Running is a profession unlike any other. If a journalist, a doctor, a farmer, a lawyer or any other professional is free to look for greener pastures out of their countries, I do not see any good reason why runners should not have the same freedoms to move to a country where they believe their services will be more valuable and appreciated and settle there.
|Kaan Ozbilen running in a past event|
Over the weekend, Kenyans continued to show their supremacy in long distance running by winning a number of races around the world, including the Honolulu marathon where Brigid Kosgei and Lawrence Cherono defended both the men and women titles by setting new course records. There were some fans with some concerns though when two Turkish athletes, Kaan Kigen Ozbilen and Can Yasemin, won the men and women European cross country titles and their origins were traced back to Kenya. Some fans seem to be uncomfortable with the fact that athletes with an East African origin who have changed their citizenships and now represent other nations are winning races for their new nations. However, it is hard to pin-point the exact reason for the discomfort. Is it the fear that the East Africans are unbeatable? Is it the issue of unleveled playing field? Or, is it an issue with feelings?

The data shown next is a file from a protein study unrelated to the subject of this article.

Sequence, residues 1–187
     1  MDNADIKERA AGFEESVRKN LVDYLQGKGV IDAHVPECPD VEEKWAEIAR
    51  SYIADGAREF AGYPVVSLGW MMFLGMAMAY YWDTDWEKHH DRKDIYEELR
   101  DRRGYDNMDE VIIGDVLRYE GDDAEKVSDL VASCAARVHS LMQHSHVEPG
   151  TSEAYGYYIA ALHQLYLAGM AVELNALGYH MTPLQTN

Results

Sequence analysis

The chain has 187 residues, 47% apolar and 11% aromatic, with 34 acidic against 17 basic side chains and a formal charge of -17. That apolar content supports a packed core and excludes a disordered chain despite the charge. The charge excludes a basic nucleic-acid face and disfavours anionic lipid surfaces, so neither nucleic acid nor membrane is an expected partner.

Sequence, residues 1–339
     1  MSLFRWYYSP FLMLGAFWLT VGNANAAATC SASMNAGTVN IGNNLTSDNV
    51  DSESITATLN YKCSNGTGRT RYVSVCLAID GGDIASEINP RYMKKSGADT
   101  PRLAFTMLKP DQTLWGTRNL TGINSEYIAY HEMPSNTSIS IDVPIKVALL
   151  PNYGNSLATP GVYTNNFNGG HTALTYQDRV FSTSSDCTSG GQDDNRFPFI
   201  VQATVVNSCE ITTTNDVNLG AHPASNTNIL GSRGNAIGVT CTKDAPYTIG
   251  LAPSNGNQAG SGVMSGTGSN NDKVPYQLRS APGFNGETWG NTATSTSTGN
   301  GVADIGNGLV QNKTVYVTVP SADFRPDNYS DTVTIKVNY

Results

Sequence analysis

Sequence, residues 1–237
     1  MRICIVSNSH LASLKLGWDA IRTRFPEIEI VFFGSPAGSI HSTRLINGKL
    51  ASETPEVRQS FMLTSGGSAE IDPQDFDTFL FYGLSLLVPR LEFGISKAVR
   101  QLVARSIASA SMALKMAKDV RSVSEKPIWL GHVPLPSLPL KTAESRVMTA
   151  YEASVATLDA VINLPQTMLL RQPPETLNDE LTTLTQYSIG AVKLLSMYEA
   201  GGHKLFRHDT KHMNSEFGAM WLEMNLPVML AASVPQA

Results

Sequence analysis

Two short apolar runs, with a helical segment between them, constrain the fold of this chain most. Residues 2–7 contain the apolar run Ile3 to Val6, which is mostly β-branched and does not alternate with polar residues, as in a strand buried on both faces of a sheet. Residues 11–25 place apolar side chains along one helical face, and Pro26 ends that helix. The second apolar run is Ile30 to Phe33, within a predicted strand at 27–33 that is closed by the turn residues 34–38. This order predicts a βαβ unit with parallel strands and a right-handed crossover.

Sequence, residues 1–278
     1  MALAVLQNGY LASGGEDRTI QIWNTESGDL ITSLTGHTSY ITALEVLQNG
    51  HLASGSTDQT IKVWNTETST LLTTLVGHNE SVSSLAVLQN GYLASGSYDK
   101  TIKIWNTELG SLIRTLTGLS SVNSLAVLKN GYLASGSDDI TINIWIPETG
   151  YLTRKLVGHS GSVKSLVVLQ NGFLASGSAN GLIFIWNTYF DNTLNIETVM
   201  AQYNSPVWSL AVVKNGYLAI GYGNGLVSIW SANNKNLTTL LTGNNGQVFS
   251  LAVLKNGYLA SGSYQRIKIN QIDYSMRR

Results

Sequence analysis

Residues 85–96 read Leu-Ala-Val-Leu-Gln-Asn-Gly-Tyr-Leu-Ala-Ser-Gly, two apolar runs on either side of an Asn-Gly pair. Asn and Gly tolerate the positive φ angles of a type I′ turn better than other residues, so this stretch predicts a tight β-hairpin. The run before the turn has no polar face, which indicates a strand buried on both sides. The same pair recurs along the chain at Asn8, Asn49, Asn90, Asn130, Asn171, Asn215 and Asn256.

Some runners have begun steering away from the notion that athletes with Kenyan origin have to be avoided in races for them to win and the results can be seen: USA's Shalane Flanagan just beat the women's marathon record holder, Mary Keitany to win the New York City Marathon; Galen Rupp beat the two times world champion, Abel Kirui to win the Chicago marathon while Sondre Moen of Norway beat Uganda's world champion, Stephen Kiprotich to win the Fukuoka marathon.